In a year where veteran bands have disappointed (Dream Theater, Megadeth, etc.), I had begun to wonder if these bands were going to start fading away into the sunset a bit more now. It’s always unfortunate to see some of your favourites from the past attempting to stay the course with completely lackluster results. You still admire them for what they’ve accomplished, but you’re constantly hoping for more.
Considered pioneers of the progressive metal genre, Fates Warning have been enjoying a bit of a renaissance period in recent years. First, there was 2011’s stunning effort, Sympathetic Resonance, under the Arch/Matheos moniker (with former Fates Warning vocalist, John Arch). Secondly, 2013’s Darkness In A Different Light was a strong return for the main band (with Ray Alder on vocals), but displayed a bit of the rust left over from a nine-year gap between albums. I’m pleased to say that not only have they returned with a stronger effort, but they’ve also produced one of the finest albums of their discography – Theories of Flight is a triumph.
Let’s begin with the vocals. Ray Alder absolutely tears it up on this album. You still get those soothing melodies that he performs so well on every release. But it’s as if he has reached within to unleash a beast free from its cage when the heavier moments arrive. It’s quite extraordinary. This is one veteran vocalist that is not willing to just phone it in, and he proves he still has the pipes to provoke goosebumps.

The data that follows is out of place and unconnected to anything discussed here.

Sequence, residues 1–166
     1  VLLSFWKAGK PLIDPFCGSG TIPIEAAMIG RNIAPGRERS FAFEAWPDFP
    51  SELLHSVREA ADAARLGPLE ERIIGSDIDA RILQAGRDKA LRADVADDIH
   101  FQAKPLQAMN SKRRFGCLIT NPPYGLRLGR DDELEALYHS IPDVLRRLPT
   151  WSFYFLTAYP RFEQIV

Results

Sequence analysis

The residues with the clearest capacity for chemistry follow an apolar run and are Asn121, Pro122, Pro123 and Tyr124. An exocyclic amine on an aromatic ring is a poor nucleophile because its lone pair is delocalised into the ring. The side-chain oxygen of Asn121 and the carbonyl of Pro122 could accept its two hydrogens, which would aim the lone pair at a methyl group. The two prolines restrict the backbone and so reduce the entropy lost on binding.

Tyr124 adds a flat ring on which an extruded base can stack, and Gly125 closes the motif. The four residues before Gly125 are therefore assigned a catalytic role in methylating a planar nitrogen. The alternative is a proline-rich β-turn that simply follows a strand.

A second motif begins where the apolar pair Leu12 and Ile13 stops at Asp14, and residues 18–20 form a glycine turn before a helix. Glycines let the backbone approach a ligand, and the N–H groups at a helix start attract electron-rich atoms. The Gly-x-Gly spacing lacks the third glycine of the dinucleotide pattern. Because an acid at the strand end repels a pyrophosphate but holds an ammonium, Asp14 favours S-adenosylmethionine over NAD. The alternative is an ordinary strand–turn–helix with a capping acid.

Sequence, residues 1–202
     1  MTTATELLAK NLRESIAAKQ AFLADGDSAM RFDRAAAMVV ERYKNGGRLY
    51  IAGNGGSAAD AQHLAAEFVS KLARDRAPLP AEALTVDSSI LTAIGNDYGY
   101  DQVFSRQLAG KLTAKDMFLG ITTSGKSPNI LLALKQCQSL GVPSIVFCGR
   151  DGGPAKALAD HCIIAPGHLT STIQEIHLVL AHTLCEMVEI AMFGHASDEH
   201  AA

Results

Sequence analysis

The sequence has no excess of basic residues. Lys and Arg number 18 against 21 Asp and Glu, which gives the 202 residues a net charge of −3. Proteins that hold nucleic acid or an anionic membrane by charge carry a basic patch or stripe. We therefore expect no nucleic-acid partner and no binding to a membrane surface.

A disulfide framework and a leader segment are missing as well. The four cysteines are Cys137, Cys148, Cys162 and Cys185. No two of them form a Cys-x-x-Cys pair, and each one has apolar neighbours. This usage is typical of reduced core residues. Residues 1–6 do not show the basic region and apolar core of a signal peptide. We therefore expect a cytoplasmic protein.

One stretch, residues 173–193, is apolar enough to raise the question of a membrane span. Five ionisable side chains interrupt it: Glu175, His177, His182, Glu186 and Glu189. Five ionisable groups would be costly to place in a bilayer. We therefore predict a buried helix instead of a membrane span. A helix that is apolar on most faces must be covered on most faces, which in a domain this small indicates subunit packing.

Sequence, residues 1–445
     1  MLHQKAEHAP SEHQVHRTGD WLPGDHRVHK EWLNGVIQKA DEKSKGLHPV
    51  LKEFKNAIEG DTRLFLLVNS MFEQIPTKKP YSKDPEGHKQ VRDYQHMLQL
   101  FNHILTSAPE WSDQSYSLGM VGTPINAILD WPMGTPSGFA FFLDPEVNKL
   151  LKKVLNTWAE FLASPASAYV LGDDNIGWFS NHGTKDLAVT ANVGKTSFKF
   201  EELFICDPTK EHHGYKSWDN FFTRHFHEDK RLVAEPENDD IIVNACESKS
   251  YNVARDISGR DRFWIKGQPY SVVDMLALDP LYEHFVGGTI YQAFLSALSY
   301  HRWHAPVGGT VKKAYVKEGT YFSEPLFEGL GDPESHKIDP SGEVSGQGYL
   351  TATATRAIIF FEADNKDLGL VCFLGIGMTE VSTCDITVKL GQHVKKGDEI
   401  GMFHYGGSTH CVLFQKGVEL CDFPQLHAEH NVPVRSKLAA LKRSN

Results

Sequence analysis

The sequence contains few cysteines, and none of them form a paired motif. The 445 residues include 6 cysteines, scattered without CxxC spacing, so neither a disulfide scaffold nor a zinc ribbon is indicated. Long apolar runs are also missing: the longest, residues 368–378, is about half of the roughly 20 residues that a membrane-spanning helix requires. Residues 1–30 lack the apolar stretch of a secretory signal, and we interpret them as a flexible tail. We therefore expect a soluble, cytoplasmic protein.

But Alder is just one element on this mammoth album. The rest of the band pulls absolutely no punches. Matheos (guitar), Vera (bass), and Jarzombek (drums) provide the musical backbone with instrumental work that is nothing short of mesmerizing. When they’re giving way to the excellent leads performed by Mike Abdow and Frank Aresti, you can feel the care that has gone into crafting each of these pieces of music. Whether you’re admiring the heavy, more intricate interplay of instruments on SOS, or listening to the music breathe during an extended piece like The Light and Shade of Things, this album is all quality. There is no meandering. There are no lulls. This is a confident band that is all business, and fans should be eternally grateful.
Theories of Flight is an intricate journey into everything Fates Warning does best, while carving a new path into the future. It’s not only what progressive metal is about, but it’s also what a veteran band should strive to achieve. I stated earlier in my review that Fates Warning is considered a pioneer of the progressive metal genre. But now, with efforts like these, they’re leaving other bands in the dust. To have such a concise, explosive album is to set an even higher bar for other artists in the genre.